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City sidewalks: Barriers and solutions for winter sidewalks

Improvements to winter sidewalk maintenance is essential so that residents can meet their daily needs, move about safely, take care of their mental and physical health, and simply live their lives, Greater Sudbury Safer Sidewalks reports 
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Icy, uneven surfaces, puddles on ice creating slippery conditions, and deep snow or snow piles blocking sidewalks and intersections are common barriers on winter sidewalks. Marc Pleau shared this picture of a winter sidewalk on a busy arterial road. “People would rather walk in the roadway than get wet feet, or slip in the icy canals,” he said. He suggests snow banks need to be opened up in these areas to allow drainage.

“I walk every day and when sidewalks are impassable I walk on the road which is dangerous.”

Welcome to Greater Sudbury Safer Sidewalks’ final column in this series. Here we will outline the specific challenges faced by residents using winter sidewalks, as well as the improvements most requested to address those challenges by respondents, including residents using mobility aids and strollers.

“The city is designed for vehicles and the able-bodied. Those that fall on hard times, experience a very different city. Their lives are further burdened by the current practices/policies. Creating policies/procedures and city planning that accommodates the most vulnerable of our population only makes things better for all.”

The responses from our GSSS Spring 2021 online survey illustrate the challenges experienced by residents in their daily lives while trying to use winter sidewalks. The biggest challenges faced by residents using winter sidewalks are ice and slippery conditions (91 per cent), uneven surfaces (81 per cent), and piles of snow blocking their way (77 per cent).

“Slippery, slushy, or wet (puddles!) sidewalks limit my ability to get groceries and medications. I also cannot get out to just walk, get some exercise/fresh air as it is not safe to do so.”

When sidewalks are not fully scraped clear of snow or ice, the surfaces can get treacherous. Even when temperatures are very low, the daytime sun can melt the snow that remains on the surface. This makes for dangerously slippery conditions: 69 per cent of respondents report water-filled sidewalks as a barrier. Pedestrian tracks on softened snow harden at night making sidewalk surfaces uneven and creating pockets where snowmelt can collect and harden into ice.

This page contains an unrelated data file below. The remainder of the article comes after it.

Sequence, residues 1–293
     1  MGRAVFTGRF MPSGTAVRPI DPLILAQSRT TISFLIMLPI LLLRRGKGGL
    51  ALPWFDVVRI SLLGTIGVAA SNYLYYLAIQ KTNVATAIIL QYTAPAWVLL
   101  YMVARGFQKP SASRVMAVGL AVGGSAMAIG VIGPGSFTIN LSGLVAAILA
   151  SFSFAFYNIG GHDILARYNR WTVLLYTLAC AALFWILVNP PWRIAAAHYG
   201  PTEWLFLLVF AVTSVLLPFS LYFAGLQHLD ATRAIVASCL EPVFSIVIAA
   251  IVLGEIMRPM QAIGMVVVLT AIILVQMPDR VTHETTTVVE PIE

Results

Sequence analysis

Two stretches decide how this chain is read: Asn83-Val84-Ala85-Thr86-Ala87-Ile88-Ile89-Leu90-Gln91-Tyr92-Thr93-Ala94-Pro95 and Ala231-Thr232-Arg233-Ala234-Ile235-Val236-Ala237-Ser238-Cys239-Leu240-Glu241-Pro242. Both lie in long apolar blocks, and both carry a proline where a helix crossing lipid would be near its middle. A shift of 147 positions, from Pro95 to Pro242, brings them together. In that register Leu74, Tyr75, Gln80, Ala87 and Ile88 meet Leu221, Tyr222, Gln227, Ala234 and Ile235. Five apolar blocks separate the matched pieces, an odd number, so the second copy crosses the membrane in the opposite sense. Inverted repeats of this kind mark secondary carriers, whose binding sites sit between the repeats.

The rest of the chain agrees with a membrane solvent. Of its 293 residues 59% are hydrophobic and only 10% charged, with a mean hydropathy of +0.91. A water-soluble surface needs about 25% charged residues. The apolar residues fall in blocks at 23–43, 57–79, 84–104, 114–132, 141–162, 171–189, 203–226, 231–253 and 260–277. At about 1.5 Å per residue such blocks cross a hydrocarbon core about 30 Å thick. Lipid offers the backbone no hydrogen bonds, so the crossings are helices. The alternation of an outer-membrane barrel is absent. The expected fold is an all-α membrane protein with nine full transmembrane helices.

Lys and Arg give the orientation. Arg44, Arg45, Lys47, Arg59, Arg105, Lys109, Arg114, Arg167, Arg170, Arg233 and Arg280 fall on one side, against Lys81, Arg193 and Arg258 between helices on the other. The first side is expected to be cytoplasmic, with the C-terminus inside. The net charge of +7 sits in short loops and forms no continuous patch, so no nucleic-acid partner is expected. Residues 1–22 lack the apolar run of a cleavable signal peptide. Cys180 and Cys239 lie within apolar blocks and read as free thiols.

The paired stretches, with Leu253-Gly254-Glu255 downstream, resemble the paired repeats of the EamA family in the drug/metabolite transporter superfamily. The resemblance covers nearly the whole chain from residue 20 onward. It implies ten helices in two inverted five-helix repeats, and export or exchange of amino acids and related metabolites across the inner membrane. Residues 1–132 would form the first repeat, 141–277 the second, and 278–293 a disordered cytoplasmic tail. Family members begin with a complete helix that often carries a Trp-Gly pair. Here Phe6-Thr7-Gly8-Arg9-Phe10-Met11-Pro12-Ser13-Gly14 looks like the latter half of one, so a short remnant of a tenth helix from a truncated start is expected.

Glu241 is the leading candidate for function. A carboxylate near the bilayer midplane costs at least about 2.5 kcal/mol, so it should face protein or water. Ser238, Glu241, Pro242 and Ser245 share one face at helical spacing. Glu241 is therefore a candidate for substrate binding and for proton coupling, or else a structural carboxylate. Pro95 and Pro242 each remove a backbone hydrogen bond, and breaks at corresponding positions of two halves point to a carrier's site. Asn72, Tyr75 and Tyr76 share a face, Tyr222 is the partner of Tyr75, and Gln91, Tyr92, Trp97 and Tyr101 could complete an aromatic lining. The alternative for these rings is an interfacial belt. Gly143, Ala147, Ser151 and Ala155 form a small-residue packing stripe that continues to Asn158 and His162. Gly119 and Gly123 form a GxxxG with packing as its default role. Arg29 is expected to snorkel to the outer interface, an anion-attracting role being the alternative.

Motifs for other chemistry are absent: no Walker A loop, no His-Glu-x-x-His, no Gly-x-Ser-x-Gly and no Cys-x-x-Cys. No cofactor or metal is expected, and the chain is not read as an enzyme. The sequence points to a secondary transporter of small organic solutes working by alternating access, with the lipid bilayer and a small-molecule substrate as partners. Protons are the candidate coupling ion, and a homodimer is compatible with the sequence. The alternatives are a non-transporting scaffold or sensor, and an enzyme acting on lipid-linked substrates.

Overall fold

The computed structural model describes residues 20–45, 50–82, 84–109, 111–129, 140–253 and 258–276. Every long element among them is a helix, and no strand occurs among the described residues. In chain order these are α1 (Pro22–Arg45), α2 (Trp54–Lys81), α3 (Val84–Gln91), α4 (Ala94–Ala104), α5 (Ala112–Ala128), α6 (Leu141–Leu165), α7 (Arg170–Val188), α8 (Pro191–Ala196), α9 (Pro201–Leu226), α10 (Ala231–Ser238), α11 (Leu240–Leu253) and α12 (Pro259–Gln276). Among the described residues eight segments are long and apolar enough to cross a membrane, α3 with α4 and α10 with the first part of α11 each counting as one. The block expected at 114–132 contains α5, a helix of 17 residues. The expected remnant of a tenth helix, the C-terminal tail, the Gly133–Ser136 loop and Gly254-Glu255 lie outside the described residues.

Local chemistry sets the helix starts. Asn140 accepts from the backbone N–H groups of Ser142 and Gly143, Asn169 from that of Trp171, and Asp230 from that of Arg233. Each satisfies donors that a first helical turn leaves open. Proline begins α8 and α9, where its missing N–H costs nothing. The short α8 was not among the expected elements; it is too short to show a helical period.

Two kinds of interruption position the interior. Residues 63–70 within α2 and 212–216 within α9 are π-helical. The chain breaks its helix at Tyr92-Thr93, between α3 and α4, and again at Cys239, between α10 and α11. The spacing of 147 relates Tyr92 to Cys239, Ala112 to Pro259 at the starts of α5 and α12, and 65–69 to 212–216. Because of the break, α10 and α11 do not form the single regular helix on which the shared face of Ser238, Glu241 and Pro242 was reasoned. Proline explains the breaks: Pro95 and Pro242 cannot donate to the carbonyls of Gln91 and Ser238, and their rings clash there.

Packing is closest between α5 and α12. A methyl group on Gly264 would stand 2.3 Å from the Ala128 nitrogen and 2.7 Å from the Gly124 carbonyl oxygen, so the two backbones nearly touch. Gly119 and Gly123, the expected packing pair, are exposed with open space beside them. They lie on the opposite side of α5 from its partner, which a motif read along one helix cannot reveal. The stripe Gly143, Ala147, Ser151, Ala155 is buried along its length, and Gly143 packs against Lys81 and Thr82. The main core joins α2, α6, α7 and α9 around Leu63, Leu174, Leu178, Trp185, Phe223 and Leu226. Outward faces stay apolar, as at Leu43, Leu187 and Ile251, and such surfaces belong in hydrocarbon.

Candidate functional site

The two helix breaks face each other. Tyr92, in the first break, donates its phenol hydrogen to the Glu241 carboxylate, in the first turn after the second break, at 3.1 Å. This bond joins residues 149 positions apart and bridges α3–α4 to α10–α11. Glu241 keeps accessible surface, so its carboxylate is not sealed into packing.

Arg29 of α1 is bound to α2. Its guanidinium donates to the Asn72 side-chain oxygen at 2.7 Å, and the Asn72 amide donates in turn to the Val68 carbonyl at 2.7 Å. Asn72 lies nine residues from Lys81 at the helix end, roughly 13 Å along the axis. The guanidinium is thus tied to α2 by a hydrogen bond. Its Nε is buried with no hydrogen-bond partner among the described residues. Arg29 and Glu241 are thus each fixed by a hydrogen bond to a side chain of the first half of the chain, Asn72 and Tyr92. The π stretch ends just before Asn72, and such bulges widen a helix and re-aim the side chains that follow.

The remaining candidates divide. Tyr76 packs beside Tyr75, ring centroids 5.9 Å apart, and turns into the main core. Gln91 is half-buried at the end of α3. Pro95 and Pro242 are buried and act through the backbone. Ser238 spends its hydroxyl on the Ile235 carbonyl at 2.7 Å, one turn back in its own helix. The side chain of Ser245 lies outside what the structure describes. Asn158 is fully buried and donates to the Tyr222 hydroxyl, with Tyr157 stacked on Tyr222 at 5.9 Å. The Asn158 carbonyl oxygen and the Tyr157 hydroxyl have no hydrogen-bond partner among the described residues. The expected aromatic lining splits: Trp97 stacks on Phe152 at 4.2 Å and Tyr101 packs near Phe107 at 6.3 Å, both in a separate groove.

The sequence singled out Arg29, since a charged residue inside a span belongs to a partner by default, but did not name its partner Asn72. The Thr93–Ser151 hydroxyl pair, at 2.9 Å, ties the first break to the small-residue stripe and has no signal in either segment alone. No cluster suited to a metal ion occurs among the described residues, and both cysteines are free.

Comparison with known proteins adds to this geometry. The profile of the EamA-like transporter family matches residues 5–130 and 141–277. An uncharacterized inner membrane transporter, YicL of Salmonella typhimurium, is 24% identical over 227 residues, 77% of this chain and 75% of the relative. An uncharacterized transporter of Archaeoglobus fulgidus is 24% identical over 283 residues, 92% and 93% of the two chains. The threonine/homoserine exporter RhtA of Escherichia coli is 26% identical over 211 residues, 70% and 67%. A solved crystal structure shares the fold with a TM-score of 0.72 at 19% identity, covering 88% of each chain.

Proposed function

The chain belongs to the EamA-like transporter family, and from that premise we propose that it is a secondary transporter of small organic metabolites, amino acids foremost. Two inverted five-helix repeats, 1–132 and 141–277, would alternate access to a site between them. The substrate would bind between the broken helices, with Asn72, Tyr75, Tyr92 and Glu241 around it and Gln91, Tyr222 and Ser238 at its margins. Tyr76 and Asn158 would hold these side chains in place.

“I’m afraid to walk in winter even with cleats on and walking sticks. Because the sidewalk are extremely uneven and slippery”

Even when sidewalks have been plowed, snow from road clearing frequently ends up dumped onto the plowed sidewalks or blocking access to sidewalks at intersections and crossings. This creates impassable and dangerous conditions for pedestrians. In addition, respondents reported that access to cleared bus stops is vital to ensure residents can get to where they need to go. 

Pedestrians who use transit are often forced to step into deep snow in order to reach their buses or sidewalks. 

“When snowplows push snow from the streets into the sidewalks, and when snow on the sidewalks melts into slush and/or freezes, it makes it more difficult and dangerous for my husband and I — both seniors — to take our daily walks to maintain our good health.”

The most needed improvements identified by residents address these challenges, as well as basic accessibility of sidewalks. These include clearing away ice and slush (95 per cent), adapting to weather conditions (93 per cent), clearing and sanding intersections (89 per cent), co-ordinating road and sidewalk plowing (93 per cent) and clearing away snow knocked into sidewalks (91 per cent), and beginning to plow at 2 cm versus the current standard of 8 cm (79 per cent). 

This last was especially important for residents using wheelchairs, mobility aids, or strollers (90 per cent of respondents using a wheelchair, mobility aid or stroller said that plowing at 2 cm would be “most helpful” or “helpful”, reflecting the importance of this improvement to accessibility).

It is clear that people need to use winter sidewalks to get to places they need to go, but feel they and their loved ones are compromising their safety and well-being to do so. In the survey, 49 per cent of respondents (208 people) had fallen on icy sidewalks and been injured; 45 per cent (191 people) often or always are housebound due to poor sidewalk conditions; and 68 per cent (293 people) often or always feel unsafe using sidewalks getting to essential destinations.

Our city needs to do better.

Improvements to winter sidewalk maintenance is essential so that residents can meet their daily needs, move about safely, take care of their mental and physical health, and simply live their lives. That is something we can all support for ourselves, our loved ones, and our fellow community members.

Greater Sudbury Safer Sidewalks is a grassroots group of residents who believes everyone has the right to walk around their neighbourhood and get to where they need to go throughout all seasons. We are working towards positive change to make it safer and easier to get around on foot or with a mobility device in Greater Sudbury. Residents interested in joining or receiving a copy of the survey results can e-mail gssafersidewalks@gmail.com or connect in the Walk Safe Sudbury-Greater Sudbury Safer Sidewalks Facebook group.